Tawana White, 13, was severely burned at age 5 when her neighbors threw alcohol on a lit barbecue grill. The grill exploded and debris fell on her, causing third-degree burns on her face, chest and arms.
"I can't remember it," the soft-spoken girl says of that awful day.
She does, however, have to live with the scars that are daily reminders of the accident.
Seven people collected money so White, of Deerfield Beach, could buy a new outfit, have her hair styled and take spending money on a week's stay at the eighth annual Fire Fighters National Children's Burn Camp.
They included Carol Ann Stankovitz, 49, of Boca Raton, camp personnel director for the Children's Burn Camp of Florida, and Boca Raton firefighter Michelle Murphy, 46, who was her counselor. Murphy accompanied her on the all-expenses paid trip to Washington, D.C., from Sept. 27 through Oct. 2, to the camp for children ages of 13 though 15 who have endured severe burns.
The International Association of Fire Fighters runs the camp and pays all the expenses, which amount to more than $400,000. To help support the camp financially, the Boca Raton Fire Department has a three-day softball tournament in the spring.
"It was Tawana's first time out of the state, and it was her first time on an airplane and she was petrified," Murphy said. "Finally, we did get her to move over to a window and look out."
After landing at Reagan National Airport, White and Murphy met up with the others and hopped on buses for their ride to the 4-H Camp in Chevy Chase, Md. The first evening everyone got acquainted.
"Children are brought together so they know they aren't the only ones. The more kids open up, the more they get other kids to open up," Murphy said.
The children got the VIP treatment.
"The children get to see a Washington that few tourists see. A lot of doors are opened for them," said George Burke, of Washington , D.C., assistant to the president of the International Association of Fire Fighters.
One event was a special tour of the White House and Congress, and a touching moment when one of the campers placed a wreath on the Tomb of the Unknown Soldier. Another highlight of the stay was a cookout prepared by the firefighters at the Arlington, Va., fire station. The air-rescue team and firefighters from the airport also joined them. Every night before bed the children had a Circle of Peace where oneness and unity were stressed.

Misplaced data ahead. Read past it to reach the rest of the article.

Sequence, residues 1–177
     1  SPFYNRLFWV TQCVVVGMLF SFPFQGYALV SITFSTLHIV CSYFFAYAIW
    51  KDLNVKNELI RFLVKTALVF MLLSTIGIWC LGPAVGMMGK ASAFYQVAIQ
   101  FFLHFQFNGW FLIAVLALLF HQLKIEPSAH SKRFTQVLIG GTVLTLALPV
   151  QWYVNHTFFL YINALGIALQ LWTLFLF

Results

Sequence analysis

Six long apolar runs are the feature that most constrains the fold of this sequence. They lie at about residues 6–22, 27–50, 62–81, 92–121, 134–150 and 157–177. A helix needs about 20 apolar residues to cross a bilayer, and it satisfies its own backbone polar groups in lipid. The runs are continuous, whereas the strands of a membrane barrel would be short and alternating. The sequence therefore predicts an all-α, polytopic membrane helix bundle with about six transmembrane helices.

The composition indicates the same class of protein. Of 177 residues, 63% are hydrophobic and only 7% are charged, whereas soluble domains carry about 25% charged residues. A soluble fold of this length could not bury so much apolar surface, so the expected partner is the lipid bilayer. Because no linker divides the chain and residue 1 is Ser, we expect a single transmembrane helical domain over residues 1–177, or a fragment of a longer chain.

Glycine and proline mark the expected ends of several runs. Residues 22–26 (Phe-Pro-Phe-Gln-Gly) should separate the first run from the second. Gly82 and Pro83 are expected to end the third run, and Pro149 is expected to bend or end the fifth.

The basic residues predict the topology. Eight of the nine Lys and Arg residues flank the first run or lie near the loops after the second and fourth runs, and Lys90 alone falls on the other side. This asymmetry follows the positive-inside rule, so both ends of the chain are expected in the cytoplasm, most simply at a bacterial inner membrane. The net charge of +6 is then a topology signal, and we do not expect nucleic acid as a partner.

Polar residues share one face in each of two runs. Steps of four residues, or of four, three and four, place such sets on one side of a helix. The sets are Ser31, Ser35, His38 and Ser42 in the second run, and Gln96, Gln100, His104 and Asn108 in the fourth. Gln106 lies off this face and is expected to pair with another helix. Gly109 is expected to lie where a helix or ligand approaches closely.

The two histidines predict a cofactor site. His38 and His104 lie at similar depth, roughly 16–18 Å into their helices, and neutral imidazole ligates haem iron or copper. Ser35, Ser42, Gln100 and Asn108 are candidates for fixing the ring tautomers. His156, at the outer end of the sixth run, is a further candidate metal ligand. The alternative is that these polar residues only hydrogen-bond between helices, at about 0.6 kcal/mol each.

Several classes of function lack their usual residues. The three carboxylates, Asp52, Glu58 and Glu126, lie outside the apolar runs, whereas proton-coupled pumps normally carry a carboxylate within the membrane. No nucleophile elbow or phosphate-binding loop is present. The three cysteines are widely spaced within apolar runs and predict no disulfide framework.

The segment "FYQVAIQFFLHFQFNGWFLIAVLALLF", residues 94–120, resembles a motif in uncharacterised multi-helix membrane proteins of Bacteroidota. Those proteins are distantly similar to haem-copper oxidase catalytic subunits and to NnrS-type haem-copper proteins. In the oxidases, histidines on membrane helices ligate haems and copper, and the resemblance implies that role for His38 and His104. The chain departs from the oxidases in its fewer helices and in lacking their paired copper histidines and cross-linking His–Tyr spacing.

"I liked the [Smithsonian National] Air and Space Museum best. I got to fly a simulated plane, and I got to be a gunner and the pilot," White said.
Before a child is eligible to attend the national burn camp, he or she must first attend a state burn camp. Florida has three, and children from South Florida go to the Elks Camp in Umatilla, an all expenses-paid camp for children ages 6 though 16. Donations support the camp, which costs $250 per camper for the weekend.
The state burn camp is filled with typical camp activities such as swimming and archery. However, there are nurses and physical therapists there because some children are still being treated for burns. When children are too old to attend camp, they often return as a burn buddy and help new campers.
"It is an honor to be chosen for the National Burn Camp, and Tawana was chosen because she was the one who would benefit the most from going," Stankovitz said.
To be a counselor and accompany a child to the burn camp, the individual must be a firefighter and a member in good standing of the International Fire Fighter's Union.
Forging a one-on-one relationship between the counselor and the camper is another goal of the camp. The counselors get together every afternoon to share ideas that they have found helpful when they work at the state burn camps.
Burned adults are also welcome to attend camp. Stankovitz recalls a time that a 40-year-old woman showed up who had never worn shorts before because of her scars.